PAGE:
Jazz “was always playing with dolls,” Jeanette says. “She was going into the closet. These kids have these dress-up chests and she was putting on the dresses and the makeup. The glitter. She was just raiding Ari’s toys. She would be prancing around in diapers, with the plastic high heels from the Disney store. I have pictures of her in diapers dressed as a little girl. Because that’s what she went for. She was a baby and already telling me, ‘I’m a girl.’”
Jeanette says that at first, her husband figured it was just a phase. He didn’t think too much of it. But she was a little more concerned and decided to do some research on it.
“I actually diagnosed her with gender dysphoria,” she says. “I went to the doctor. The pediatrician said, ‘You know what, you need to get professional help.’”
A specialist in treating transgender children told the Jenningses that they needed to take time to monitor Jazz’s behavior before determining the child’s gender identity.
“After we got Jazz diagnosed, we didn’t say ‘OK, you can live life as a girl, so at age 3 we’re going to let you transition.’ You need to wait and see over time if she still persists. They call it ‘persistent, insistent, consistent.’ Those are the three markers. And over time, if she displays that, we’re going to allow her to transition.”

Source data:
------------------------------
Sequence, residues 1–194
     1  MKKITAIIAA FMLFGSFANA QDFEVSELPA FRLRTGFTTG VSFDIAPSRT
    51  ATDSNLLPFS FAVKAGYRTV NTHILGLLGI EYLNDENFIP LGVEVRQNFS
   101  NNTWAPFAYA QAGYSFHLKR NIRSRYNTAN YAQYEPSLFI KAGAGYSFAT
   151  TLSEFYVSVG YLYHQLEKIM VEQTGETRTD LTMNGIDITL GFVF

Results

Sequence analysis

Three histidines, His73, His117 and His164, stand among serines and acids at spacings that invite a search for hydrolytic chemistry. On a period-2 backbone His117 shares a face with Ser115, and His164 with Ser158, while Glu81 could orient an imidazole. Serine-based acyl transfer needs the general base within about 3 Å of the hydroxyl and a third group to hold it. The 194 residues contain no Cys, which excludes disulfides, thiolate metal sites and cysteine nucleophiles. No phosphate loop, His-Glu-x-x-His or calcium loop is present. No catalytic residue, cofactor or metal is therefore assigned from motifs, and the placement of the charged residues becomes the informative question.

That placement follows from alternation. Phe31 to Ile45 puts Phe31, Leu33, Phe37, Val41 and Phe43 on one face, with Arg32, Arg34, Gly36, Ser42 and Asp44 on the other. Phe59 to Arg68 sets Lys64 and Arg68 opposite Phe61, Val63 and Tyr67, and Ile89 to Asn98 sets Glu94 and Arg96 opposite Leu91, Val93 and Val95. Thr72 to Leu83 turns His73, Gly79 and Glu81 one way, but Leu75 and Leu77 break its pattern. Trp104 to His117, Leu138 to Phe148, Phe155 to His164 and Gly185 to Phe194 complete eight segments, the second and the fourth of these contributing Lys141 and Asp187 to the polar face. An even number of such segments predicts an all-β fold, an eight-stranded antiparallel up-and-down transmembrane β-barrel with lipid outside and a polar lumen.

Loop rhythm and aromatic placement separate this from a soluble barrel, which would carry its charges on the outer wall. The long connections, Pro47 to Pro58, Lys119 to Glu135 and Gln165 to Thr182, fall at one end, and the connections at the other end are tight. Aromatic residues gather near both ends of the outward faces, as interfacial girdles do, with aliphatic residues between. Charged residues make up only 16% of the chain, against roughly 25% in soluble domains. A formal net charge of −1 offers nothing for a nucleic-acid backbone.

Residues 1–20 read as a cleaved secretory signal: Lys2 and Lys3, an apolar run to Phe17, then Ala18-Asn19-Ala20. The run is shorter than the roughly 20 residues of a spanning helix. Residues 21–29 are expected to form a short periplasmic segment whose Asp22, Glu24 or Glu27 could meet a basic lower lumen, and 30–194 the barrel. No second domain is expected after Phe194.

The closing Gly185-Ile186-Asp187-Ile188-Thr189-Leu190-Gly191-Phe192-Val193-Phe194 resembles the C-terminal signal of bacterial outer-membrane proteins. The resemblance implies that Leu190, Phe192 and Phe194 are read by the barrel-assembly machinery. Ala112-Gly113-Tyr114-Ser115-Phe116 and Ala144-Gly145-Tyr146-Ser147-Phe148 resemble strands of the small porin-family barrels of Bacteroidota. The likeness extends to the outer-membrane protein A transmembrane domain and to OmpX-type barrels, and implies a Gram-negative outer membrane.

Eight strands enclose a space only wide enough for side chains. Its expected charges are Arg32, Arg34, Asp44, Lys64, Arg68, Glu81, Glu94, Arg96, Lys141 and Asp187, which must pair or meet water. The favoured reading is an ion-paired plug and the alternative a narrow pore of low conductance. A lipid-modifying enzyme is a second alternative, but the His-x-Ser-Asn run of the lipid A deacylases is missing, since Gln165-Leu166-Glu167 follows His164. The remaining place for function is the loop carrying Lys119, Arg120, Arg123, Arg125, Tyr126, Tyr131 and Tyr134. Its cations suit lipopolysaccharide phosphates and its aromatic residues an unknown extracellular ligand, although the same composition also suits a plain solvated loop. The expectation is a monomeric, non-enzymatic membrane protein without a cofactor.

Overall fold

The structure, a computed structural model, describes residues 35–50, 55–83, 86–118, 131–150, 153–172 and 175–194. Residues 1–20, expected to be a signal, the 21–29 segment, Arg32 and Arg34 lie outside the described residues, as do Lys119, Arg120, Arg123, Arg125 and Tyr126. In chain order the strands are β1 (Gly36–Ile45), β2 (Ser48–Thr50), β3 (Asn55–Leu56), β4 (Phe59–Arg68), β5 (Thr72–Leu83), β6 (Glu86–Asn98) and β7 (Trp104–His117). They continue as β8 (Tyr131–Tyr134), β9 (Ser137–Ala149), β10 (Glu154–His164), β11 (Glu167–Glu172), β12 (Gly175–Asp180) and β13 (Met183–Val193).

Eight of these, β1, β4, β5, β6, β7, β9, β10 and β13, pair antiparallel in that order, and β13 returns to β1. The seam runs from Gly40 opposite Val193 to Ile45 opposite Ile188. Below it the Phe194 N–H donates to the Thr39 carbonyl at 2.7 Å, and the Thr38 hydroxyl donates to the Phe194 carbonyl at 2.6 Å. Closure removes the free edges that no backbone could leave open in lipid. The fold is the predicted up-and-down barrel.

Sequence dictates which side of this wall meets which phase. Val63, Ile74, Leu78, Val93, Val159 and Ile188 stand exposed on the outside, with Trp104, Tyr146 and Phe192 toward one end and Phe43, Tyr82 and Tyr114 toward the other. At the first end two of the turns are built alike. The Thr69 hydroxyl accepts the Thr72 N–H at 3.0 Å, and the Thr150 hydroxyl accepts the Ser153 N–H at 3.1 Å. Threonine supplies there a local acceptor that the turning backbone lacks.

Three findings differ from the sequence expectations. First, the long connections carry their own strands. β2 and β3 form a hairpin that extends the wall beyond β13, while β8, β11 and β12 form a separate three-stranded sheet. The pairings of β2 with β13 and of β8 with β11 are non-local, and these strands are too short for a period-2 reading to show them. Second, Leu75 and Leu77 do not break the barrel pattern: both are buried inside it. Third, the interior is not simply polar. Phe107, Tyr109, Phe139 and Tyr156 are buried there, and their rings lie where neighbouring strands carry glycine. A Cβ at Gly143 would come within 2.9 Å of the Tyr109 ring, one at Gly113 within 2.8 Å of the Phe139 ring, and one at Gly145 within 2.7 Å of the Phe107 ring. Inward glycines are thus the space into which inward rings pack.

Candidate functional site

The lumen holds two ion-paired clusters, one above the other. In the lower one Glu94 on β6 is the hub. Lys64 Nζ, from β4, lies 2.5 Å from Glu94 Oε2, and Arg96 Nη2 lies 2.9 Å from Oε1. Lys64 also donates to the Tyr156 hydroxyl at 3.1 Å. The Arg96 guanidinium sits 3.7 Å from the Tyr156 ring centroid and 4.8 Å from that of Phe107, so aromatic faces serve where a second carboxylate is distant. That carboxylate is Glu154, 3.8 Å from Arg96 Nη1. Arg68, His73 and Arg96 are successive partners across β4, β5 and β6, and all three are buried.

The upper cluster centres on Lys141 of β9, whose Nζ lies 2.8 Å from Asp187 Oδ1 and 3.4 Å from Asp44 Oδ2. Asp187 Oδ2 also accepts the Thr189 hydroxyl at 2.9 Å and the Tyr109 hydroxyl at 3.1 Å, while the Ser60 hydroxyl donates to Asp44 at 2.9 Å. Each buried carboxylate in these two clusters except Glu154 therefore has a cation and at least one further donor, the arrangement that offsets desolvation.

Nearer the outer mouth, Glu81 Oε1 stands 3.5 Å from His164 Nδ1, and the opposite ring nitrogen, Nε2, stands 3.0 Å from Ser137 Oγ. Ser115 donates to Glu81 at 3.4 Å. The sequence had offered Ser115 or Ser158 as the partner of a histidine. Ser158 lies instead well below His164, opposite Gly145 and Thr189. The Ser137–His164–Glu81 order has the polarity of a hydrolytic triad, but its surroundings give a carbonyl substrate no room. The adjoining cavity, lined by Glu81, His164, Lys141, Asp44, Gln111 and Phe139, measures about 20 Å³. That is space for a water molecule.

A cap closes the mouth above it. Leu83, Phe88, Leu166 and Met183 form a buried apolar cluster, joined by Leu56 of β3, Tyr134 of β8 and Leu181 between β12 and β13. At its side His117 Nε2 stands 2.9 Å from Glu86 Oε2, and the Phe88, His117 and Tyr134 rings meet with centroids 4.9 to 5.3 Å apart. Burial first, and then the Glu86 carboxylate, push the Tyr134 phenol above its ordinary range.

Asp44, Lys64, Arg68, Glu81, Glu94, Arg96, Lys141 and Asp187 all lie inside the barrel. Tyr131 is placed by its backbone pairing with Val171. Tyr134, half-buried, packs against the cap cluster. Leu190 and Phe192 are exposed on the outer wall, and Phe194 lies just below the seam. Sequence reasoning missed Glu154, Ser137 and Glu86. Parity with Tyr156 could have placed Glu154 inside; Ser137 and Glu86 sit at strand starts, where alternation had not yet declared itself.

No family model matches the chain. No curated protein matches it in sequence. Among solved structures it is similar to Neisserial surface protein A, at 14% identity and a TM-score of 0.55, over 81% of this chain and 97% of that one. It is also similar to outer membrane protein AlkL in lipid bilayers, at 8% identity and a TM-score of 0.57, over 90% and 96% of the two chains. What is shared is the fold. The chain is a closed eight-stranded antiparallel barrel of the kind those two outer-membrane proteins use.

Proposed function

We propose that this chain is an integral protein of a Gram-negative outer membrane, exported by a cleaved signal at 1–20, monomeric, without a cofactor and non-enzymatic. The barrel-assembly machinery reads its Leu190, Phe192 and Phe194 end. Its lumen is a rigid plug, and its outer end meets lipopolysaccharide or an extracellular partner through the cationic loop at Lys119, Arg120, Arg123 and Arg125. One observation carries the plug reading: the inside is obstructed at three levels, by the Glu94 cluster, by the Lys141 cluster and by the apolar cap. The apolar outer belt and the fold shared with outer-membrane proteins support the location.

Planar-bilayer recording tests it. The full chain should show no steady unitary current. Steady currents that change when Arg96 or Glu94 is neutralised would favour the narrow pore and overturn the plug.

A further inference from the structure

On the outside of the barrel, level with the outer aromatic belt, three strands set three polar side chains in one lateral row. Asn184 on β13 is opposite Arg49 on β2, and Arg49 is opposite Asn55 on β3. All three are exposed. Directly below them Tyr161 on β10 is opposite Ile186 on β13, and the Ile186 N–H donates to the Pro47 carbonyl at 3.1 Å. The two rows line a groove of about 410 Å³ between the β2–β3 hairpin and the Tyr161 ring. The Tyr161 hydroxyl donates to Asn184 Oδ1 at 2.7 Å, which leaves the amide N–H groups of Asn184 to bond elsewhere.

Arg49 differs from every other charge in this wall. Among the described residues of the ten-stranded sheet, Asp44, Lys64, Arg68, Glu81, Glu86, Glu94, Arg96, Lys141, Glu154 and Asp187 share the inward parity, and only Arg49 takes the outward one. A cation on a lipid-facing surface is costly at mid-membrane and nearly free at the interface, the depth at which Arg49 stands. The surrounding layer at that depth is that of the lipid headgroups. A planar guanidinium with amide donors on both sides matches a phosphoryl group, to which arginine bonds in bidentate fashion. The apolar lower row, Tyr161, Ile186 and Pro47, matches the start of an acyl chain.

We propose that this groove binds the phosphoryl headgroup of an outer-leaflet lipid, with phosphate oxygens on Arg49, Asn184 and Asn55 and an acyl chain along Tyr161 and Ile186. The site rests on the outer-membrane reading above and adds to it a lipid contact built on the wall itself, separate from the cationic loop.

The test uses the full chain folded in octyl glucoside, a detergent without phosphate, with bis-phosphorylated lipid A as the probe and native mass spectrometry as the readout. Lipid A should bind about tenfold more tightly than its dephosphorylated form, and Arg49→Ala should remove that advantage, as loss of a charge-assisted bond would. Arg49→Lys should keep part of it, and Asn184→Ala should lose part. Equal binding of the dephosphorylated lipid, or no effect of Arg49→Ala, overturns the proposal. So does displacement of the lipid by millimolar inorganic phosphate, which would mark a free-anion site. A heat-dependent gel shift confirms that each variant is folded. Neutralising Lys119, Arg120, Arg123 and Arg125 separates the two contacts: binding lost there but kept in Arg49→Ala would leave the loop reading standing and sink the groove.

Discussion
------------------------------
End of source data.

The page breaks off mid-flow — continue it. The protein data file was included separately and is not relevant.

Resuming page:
At home, Jazz could dress as a girl, but Greg initially was hesitant to let her wear frilly clothes outside the house.
“She wanted to go out in her dresses and he felt slightly uncomfortable doing that, but he was always very loving and embraced her and never tried to make her somebody she wasn’t,” Jeanette says. “He was just a little nervous about society being cruel and didn’t want her to be made fun of. Once she was like 4½-5, he threw in the towel, and he knew we were going to have to let her transition. This is not going away.”
Greg, 47, says at first he was “oblivious” to Jazz’s true gender identity.
“I was in denial,” he says. “As I became more educated, I began to understand things better. Jazz was diagnosed at that point. I realized we had to love and support her. I realized Jazz’s essence was truly a girl.”
The Jenningses say they went public with Jazz’s story knowing it would help other families with transgender children.